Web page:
According to a recent report, Starbucks plans rapid expansion in China with 500 new store openings by the end of the year. The coffee chain hopes that the Chinese’s growing appetite for the dark brew would offset the economic turmoil the country currently faces.
Starbucks’ top executive Howard Schultz recently said in an interview that his company is set to open 500 new coffee stores every year through 2020. In China, the world’s largest coffee chain already runs 2,000 locations.
Schultz said that he is very optimistic about the future economic outlook of the world’s most populous country despite ‘the rhetoric, noise, and issues.’ The CEO plans to visit China in the coming days.
Starbucks has seen a steady growth in China unlike some restaurant chains such as Pizza Hut and KFC who had harder times. According to Starbuck’ Q4 earnings report, sales spiked six percent in China missing experts’ expectations of a 9.6 percent rise.
Like other foreign companies, the coffee chain puts a bet on wealthier customers. Yet, the company is aware that a slowing economy would trigger a lower traffic to its stores. Plus, its optimism is fuelled by the numbers– revenue generated by China sales more than doubled in Q4 from a year prior.
The Seattle-based company has high hopes that China would become its largest customer. Historically, coffee drinking hasn’t been very popular among Chinese people, who would rather drink tea. But in recent years, coffee has become increasingly popular especially in major cities.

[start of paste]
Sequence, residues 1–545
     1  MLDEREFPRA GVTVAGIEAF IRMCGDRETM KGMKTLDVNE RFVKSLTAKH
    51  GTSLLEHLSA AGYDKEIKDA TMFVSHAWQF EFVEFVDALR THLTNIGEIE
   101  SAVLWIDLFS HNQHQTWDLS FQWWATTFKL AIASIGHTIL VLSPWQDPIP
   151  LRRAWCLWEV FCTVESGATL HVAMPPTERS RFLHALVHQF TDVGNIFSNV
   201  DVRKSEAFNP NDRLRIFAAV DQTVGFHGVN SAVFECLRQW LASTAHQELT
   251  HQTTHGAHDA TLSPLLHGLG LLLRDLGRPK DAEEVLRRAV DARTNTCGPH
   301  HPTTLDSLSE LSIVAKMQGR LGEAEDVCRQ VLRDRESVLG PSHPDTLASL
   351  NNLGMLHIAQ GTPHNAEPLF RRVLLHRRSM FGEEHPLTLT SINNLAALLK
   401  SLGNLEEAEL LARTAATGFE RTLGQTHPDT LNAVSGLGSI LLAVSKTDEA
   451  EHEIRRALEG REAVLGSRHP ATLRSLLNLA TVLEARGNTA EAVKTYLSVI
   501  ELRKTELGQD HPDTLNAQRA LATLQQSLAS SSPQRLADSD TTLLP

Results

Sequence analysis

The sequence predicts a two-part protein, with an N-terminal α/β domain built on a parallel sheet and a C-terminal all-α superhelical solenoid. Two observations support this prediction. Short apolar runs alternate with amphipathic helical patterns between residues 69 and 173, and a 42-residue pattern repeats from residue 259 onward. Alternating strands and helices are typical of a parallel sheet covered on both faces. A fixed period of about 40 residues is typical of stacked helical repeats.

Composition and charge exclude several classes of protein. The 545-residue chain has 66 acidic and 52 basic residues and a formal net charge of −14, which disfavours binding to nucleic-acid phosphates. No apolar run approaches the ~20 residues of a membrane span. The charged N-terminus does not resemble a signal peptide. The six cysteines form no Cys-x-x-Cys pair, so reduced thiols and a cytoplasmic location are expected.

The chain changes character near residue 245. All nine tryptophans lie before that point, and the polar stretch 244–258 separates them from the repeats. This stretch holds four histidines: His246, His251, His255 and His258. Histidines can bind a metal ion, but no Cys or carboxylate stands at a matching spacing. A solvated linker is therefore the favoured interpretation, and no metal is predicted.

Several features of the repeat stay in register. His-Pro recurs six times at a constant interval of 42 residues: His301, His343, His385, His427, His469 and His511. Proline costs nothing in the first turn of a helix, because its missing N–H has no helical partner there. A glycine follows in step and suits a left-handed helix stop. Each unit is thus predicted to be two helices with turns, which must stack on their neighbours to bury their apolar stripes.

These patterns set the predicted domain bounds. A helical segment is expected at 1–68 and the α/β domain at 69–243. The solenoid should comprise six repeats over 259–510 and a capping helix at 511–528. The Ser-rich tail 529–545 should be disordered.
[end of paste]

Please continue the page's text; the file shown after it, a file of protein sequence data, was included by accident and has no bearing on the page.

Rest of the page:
Analysts think that China has a huge unexplored potential – in China just 4.5 billion cups of the dark brew are consumed every year. By contrast, the U.S. consumes nearly 134 billion. Independent estimates expect coffee consumption to jump 18 percent every year by the end of the decade. In the U.S. annual growth levelled off to 0.9 percent.
But Schultz is not the only U.S. executive who is bullish about the Chinese economy. KK Chua head of Mary Kay’s Asia team recently announced that the Asian market holds great potential and it hasn’t reached saturation yet.
Yet, the two U.S. companies address the upper-middle class, which was not so badly hit by the economic slowdown. Sectors such as manufacturing suffered a hard blow from the recent slowdown and international context.